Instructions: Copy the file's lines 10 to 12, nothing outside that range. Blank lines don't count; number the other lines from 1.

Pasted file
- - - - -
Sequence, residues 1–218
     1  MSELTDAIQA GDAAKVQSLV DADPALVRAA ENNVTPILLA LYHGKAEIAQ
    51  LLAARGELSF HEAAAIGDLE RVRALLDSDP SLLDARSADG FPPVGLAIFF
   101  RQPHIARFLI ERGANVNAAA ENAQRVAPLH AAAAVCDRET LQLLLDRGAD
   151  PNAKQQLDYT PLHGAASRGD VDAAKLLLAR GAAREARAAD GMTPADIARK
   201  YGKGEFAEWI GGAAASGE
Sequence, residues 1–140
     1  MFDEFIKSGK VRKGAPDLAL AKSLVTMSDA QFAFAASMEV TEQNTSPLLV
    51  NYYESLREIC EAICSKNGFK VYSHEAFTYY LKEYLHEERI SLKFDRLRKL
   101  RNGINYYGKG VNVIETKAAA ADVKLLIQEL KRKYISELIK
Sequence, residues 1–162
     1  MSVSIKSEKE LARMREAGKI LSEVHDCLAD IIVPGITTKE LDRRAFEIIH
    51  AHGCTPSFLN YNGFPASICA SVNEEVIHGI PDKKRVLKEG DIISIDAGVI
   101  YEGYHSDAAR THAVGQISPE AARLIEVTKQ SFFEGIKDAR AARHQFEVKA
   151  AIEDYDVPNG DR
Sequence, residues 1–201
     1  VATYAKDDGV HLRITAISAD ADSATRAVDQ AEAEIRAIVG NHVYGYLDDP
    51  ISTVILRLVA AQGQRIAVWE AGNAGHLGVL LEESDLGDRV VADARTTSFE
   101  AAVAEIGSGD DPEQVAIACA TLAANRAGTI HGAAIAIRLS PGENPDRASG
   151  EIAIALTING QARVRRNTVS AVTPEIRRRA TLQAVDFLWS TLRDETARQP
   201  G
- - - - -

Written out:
   101  RNGINYYGKG VNVIETKAAA ADVKLLIQEL KRKYISELIK
Sequence, residues 1–162
     1  MSVSIKSEKE LARMREAGKI LSEVHDCLAD IIVPGITTKE LDRRAFEIIH